RNAi is a very interesting subject, and the importance of this relatively new discovery is highlighted in that the Nobel Prize in physiology and medicine this year went to two scientists who have really helped to elucidate what RNAi is and how it works. Wikipedia has an exellent, and well referenced, explanation of RNAi: http://en.wikipedia.org/wiki/RNA_interference
. I encourage you to read this carefully before proceeding.
As for projects - you will see that the best understood systems for RNAi are multicellular eukaryotes (though bacteria have perhaps a sort of similar system). As you note, it would not be feasible to work with mice. Depending on what grade you are in, what facilities you have, how much time you have, and people who might be able to help you - you could look into the possibility of using C. elegans (a little worm) or arabidopsis (a plant) for your studies. (With all live organisms - even for bacteria, you should check with your teacher to see what the rules are.)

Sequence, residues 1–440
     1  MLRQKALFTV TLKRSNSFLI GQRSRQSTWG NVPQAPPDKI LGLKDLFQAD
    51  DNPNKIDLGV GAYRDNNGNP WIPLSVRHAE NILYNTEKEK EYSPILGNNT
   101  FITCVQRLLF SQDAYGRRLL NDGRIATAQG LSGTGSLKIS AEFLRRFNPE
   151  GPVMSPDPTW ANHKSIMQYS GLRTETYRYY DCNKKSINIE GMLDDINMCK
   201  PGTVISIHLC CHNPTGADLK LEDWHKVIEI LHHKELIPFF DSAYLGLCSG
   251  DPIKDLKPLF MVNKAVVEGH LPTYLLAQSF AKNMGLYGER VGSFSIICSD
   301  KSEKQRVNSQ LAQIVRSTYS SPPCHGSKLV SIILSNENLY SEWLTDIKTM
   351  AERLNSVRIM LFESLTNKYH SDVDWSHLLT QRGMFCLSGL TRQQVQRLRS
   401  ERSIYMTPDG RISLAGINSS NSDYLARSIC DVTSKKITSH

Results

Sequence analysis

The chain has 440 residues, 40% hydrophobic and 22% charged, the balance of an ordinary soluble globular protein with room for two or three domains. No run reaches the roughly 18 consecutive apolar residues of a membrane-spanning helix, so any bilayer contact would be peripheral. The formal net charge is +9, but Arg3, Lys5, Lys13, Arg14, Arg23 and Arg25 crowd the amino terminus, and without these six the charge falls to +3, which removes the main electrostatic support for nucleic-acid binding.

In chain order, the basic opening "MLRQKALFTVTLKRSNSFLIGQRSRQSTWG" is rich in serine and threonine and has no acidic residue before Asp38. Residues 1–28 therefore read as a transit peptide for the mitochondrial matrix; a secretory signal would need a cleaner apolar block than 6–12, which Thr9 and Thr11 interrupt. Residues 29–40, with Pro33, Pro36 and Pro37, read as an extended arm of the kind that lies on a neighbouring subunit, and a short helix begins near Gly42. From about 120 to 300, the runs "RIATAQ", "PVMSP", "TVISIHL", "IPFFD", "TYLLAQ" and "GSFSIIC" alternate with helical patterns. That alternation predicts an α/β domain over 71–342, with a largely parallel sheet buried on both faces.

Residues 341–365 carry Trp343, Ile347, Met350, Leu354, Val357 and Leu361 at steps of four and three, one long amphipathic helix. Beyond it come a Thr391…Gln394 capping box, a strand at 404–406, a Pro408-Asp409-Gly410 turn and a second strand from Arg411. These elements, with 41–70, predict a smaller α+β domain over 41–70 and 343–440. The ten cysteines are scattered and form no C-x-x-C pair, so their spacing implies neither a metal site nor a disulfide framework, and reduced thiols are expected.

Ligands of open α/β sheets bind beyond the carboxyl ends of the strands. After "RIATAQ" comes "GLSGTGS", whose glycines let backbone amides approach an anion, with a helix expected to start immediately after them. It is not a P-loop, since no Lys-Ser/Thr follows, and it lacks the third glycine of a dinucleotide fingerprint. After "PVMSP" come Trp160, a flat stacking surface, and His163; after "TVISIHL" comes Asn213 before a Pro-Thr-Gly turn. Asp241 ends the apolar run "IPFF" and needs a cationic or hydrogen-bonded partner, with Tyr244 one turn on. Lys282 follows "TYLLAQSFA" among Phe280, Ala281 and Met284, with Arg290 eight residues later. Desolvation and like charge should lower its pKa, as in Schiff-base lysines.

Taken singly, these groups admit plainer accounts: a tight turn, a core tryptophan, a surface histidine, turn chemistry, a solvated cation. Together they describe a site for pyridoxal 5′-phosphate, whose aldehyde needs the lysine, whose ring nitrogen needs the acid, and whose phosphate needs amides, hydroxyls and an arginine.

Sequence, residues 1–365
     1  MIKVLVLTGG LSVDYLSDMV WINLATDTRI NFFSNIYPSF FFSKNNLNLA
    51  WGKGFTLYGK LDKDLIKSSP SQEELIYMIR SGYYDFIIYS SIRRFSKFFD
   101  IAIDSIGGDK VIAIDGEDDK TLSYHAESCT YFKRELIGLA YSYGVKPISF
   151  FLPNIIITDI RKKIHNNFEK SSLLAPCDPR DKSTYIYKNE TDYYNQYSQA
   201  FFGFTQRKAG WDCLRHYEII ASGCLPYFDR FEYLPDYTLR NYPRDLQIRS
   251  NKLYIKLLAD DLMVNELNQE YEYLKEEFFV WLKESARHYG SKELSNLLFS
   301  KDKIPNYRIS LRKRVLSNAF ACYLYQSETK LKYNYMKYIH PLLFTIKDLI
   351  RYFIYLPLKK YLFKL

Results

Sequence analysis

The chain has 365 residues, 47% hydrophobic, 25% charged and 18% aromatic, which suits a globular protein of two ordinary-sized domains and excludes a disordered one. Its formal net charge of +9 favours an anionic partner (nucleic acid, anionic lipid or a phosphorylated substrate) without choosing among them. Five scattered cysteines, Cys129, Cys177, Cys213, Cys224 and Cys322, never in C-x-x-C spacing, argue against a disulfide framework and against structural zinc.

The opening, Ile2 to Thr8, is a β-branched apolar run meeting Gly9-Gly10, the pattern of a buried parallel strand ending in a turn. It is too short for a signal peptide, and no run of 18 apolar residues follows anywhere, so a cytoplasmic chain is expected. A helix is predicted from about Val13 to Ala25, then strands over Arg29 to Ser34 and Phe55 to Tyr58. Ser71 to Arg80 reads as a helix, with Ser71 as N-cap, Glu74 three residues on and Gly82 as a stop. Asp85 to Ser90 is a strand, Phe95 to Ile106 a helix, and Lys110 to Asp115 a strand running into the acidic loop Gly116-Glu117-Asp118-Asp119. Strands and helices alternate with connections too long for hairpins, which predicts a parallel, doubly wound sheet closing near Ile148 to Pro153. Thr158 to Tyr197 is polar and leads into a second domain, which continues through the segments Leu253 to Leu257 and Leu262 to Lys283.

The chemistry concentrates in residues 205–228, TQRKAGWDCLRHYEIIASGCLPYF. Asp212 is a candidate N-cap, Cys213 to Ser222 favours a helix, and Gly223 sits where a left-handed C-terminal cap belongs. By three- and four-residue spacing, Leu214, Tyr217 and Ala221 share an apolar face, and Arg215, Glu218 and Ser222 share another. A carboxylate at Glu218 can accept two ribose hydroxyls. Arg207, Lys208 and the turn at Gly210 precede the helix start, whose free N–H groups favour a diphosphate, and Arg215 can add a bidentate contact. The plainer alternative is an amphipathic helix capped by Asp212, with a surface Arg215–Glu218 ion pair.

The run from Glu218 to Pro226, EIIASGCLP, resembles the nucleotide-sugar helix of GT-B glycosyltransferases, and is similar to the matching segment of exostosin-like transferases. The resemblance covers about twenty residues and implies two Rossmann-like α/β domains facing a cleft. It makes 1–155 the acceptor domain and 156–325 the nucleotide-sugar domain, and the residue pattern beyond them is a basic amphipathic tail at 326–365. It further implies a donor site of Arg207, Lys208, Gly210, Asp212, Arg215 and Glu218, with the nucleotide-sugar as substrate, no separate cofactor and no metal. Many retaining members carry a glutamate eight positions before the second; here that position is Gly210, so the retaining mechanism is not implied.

You might also consider a bioinformatics type project - where you mine data available on public databases for information on RNAi.
If you are not wedded to the idea of RNAi, but in general would like to use a modern molecular genetic tool(s), you might look at some of the topic ideas under Life Sciences (e.g. biotechnolgy and genomics) on the Science Buddies webpages.
If you firm up your ideas a bit and still would like help - please post back.